Formal antitrust charges against computer chip maker Intel in Europe are coming closer, after officials working on the case advised European Union Competition Commissioner Neelie Kroes to push ahead with legal action, according to reports.
The European Commission spokesman for competition, Jonathan Todd, declined to comment on the reports, which have appeared in the Wall Street Journal and on Reuters. "We have an ongoing case against Intel. I can't say any more than that," he said.
The Commission is the E.U.'s regulatory and executive body.
The reports said a decision to send Intel a so-called statement of objections could be taken at any time now, although Kroes is understood to be proceeding cautiously.
Intel's spokesman in Brussels, Chuck Mulloy, wasn't immediately available to comment.
The Commission has been examining Intel's behavior in the European chip market for more than six years. Rival chip maker Advanced Micro Devices (AMD) complained to the European regulator in 2000 that Intel, with around 80 percent market share, was pressuring computer manufacturers to remain loyal to its products by offering them rebates.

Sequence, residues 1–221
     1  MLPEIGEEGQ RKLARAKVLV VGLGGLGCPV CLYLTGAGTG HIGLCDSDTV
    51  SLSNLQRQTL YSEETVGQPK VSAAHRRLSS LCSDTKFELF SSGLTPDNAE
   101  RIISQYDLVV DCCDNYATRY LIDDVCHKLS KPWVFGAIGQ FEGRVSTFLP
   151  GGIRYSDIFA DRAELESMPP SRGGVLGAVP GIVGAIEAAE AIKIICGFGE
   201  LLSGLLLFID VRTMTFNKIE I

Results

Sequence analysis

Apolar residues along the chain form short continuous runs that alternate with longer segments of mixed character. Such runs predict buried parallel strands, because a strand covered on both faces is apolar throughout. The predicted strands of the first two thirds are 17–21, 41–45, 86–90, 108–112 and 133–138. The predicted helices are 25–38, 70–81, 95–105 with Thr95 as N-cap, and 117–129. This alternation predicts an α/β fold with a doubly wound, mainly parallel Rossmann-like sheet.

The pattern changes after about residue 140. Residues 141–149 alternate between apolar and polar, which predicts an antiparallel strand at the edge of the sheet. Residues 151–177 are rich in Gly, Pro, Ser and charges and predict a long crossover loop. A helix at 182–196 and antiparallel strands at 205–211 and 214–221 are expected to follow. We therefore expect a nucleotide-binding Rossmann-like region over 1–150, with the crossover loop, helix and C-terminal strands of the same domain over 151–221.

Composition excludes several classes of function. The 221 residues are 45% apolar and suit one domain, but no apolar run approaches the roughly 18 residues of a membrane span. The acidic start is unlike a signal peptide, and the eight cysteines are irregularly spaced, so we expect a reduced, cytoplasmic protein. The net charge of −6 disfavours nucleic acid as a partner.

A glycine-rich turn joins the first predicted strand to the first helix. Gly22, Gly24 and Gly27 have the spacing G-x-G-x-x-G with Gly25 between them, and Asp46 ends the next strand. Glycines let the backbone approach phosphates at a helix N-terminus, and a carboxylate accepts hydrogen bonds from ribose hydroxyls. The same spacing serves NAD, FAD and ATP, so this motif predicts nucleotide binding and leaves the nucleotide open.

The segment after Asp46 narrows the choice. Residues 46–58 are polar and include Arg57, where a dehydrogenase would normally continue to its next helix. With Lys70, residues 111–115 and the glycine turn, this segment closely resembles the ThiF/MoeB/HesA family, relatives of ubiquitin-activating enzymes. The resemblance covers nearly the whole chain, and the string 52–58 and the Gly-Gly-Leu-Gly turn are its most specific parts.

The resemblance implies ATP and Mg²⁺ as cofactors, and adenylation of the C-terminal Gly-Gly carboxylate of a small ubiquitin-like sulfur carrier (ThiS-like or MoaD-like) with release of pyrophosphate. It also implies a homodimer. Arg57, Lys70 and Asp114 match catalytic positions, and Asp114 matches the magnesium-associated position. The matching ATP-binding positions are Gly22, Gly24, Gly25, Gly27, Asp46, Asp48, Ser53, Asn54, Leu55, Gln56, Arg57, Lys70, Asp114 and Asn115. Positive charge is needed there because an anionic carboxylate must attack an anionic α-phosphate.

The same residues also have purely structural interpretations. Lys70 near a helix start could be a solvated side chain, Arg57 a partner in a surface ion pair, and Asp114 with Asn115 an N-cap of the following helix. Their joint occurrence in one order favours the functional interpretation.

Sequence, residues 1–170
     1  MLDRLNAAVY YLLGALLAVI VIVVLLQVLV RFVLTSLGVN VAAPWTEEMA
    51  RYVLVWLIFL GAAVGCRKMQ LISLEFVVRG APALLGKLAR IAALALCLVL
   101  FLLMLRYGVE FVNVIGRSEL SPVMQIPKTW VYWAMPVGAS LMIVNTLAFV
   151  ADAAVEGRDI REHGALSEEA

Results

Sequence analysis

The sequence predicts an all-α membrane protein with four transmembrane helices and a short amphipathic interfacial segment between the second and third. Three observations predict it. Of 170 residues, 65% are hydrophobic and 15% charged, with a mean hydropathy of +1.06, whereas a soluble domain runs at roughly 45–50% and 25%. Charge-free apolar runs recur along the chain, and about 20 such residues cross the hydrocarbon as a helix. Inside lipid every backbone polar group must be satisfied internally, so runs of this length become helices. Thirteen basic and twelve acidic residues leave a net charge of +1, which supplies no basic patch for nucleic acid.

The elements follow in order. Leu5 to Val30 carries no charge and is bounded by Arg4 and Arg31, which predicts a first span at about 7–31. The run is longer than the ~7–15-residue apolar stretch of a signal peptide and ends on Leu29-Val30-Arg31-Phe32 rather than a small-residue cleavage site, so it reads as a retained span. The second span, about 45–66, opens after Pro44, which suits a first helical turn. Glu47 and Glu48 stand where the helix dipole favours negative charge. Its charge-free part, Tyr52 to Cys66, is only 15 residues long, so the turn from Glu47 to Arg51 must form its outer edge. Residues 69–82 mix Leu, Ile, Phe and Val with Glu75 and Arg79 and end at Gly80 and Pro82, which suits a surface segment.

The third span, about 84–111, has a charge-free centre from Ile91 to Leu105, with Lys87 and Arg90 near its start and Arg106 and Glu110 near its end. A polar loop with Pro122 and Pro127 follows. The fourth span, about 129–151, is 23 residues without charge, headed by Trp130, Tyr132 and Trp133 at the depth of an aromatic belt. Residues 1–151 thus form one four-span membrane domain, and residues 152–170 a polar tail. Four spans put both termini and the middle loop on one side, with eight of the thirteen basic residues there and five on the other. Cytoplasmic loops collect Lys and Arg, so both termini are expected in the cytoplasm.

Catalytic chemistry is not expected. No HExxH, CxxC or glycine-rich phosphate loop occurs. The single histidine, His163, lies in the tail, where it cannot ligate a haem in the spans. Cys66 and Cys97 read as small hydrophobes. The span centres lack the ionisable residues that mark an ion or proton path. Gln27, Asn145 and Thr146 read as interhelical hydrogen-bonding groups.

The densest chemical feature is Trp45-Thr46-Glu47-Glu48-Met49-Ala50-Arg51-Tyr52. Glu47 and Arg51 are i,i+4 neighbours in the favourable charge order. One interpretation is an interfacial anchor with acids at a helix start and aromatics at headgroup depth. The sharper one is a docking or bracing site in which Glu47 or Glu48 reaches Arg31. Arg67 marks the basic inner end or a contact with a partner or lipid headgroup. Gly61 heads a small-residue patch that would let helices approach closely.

AMD believes this is a coercive tactic that distorts competition, Tom McCoy, the company's executive vice president for legal affairs said last year in an interview. The Commission has hesitated in taking action because these rebates help reduce the price of chips to the end user. However, the regulator must weigh this benefit against the long-term cost of potentially allowing one competitor to foreclose the market for a product that is essential for all computers.
If the Commission does issue a statement of objections then Intel will have to reply to the charges in writing. It would then be given the opportunity to present its arguments in a closed door hearing with the Commission and rivals.
The process can take years, but if the regulator concludes that Intel has abused its dominant position in the market it could be fined up to 10 percent of its global annual sales.
Japanese competition officials declared that Intel's rebate schemes are illegal in 2005. Intel is appealing that finding.
AMD has filed an antitrust case against Intel in the federal court in Delaware in the U.S. That case is still pending. Meanwhile, South Korea is also investigating Intel's practices.